3 Things to Consider Before Building an Apple Watch App

08 Apr 2021

Building an Apple Watch app is not just about getting things done from your developers. Just like any other apps, the development must be strategised, organised, and designed to fulfil the need of end-users.

In this article, we’ll discuss three things you need to consider before you take the Apple Watch path.

1. Is an Apple Watch app right for you?

It's easy to let the idea of an Apple Watch app enamour you. However, when deciding to include Apple Watch as a part of your development strategy, it’s important to consider whether it’s a viable option. Your decision will not only influence the developers but the scope and flexibility of the app too.

If you’re in doubt, here’s a checklist to help you determine if an Apple Watch app is right for your service or product:

  1. Do you already have an iPhone app?

  2. Will a Watch app make your offering more convenient or useful?

  3. Can the content or functionality be delivered at a glance?

  4. Can your UI be distilled into microinteractions?

  5. Will it help you achieve your business goals?

If you answer yes to every question above then you’re on the right track.

2. Is there a need for your Apple Watch app?

The fact is not every business needs an Apple Watch app.

Even if you already have an iPhone app, it doesn’t necessarily warrant an Apple Watch app. Since Apple Watch offers a completely different experience to an iPhone (more of that later), you need to revisit the process you took to validate the idea for your existing app if you want to build a Watch app as well.

Developing a Watch app is no mean feat and to justify the development, you need to support it with a solid business case. It’s only when you understand the need for it that you will be able to build a Watch app that delivers exactly what it’s supposed to do.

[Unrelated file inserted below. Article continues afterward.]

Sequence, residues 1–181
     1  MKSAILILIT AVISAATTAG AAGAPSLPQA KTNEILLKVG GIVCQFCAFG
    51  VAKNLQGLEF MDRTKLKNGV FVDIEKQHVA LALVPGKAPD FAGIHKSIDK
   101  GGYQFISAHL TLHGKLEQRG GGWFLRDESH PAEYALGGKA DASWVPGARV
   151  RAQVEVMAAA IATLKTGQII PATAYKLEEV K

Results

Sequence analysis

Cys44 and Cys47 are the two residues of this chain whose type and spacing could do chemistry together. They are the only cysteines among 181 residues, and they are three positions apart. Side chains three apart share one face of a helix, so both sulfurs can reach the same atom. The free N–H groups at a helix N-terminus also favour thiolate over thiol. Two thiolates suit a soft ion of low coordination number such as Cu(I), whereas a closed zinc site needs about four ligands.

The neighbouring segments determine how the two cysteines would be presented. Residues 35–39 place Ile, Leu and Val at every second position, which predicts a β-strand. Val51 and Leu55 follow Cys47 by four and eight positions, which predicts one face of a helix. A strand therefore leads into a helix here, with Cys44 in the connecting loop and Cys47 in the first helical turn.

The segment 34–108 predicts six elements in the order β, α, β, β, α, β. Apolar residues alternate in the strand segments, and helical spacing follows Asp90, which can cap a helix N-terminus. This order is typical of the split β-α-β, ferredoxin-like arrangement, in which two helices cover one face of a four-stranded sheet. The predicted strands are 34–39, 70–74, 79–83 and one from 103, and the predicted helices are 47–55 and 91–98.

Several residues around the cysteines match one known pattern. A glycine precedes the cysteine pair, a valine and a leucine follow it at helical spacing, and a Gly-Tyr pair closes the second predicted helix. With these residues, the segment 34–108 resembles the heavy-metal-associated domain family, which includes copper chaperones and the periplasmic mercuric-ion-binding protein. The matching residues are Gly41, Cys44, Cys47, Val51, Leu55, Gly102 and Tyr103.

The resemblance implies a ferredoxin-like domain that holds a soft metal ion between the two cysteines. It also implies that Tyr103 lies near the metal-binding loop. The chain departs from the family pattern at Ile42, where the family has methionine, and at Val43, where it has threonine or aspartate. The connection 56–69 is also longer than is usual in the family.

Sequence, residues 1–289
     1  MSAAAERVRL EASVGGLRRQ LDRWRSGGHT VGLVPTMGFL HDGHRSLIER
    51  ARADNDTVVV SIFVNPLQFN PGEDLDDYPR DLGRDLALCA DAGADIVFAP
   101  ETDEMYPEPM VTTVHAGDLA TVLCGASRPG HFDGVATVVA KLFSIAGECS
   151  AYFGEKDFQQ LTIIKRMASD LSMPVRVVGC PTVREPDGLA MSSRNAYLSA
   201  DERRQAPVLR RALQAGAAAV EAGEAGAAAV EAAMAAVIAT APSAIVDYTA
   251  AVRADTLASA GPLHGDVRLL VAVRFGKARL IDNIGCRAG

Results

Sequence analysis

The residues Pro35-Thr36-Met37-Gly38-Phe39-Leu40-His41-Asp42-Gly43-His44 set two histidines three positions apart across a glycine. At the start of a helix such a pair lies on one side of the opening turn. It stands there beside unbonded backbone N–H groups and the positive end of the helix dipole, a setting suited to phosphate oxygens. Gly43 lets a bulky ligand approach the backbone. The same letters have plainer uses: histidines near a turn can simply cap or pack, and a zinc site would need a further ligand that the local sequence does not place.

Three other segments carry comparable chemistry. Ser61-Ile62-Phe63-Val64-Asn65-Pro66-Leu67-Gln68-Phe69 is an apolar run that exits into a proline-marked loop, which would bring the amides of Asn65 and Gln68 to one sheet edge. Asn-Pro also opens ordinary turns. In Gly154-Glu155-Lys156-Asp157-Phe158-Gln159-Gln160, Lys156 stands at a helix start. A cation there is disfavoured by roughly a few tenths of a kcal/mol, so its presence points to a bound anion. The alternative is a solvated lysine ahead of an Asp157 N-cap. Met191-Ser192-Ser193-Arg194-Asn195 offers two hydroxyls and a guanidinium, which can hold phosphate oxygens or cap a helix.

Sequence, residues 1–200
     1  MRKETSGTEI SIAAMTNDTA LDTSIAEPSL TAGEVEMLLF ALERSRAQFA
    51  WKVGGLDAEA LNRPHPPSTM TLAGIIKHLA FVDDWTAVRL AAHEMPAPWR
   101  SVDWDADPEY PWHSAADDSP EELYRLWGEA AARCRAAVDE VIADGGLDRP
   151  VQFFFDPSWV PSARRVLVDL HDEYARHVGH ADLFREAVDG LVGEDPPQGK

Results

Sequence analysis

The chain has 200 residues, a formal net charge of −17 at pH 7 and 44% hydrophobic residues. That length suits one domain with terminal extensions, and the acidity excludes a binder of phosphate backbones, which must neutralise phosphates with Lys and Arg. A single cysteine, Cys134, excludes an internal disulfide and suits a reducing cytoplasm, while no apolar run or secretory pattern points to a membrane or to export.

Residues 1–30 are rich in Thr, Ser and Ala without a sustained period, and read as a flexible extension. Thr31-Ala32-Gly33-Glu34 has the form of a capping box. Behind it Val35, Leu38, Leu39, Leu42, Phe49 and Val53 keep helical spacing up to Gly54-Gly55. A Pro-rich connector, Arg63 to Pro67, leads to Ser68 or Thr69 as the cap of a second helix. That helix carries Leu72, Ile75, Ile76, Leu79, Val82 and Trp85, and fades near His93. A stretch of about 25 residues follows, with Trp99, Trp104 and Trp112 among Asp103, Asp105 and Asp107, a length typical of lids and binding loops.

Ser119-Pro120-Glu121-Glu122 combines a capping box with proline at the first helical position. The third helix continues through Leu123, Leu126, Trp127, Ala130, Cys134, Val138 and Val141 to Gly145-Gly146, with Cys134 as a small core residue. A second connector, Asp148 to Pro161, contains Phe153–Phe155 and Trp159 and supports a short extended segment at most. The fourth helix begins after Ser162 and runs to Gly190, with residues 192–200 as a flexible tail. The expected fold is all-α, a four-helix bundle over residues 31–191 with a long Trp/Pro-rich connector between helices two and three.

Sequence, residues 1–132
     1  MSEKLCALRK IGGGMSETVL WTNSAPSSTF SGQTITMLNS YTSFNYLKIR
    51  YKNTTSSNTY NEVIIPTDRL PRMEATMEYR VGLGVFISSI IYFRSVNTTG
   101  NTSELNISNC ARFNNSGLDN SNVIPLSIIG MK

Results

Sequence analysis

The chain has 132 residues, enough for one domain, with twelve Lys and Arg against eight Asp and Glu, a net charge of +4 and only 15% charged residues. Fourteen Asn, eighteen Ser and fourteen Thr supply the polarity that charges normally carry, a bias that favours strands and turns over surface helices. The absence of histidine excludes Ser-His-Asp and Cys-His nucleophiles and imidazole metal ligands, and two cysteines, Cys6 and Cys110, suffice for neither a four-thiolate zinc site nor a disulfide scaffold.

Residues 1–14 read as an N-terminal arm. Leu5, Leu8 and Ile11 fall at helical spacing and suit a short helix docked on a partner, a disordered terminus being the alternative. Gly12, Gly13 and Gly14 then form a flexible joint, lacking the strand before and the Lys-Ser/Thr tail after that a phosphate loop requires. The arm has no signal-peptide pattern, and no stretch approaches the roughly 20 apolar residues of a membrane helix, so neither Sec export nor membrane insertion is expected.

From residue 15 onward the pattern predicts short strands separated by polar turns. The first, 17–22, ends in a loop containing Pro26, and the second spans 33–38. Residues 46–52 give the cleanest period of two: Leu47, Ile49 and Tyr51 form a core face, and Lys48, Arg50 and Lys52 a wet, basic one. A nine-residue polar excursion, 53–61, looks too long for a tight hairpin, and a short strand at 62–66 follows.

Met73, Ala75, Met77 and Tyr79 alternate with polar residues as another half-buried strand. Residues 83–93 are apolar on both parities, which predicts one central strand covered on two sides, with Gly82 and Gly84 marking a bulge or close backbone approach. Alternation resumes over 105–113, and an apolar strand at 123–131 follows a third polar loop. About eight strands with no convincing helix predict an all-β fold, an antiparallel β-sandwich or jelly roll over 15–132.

3. How will your customers use it?

As much as you want users to stay engaged with your Apple Watch app over a long period of time, that’s not what the Apple Watch is designed for. That means your app shouldn’t be intended for prolonged use either.

In contrast to building an app for an iPhone where users seemingly cannot keep their eyes off their device, interactions on an Apple Watch are supposed to be casual and brief: checking an email, changing a meeting date, capturing a short audio note, etc.

Before you decide to build an Apple Watch app, picture yourself in the context in which your prospects will use it, and whether you can get them in and out of it as quickly as possible.

Pro tip: An Apple Watch is an extension of an iPhone, not a replacement of it. The key to delivering an excellent Watch user experience is focusing on the core functionality and not trying to replicate every feature from your iPhone app on Apple Watch.

Decided an Apple Watch app is the right move?

If you’ve considered every element we’ve pointed out above and you think your business could benefit from an Apple Watch app, let’s hear from you.

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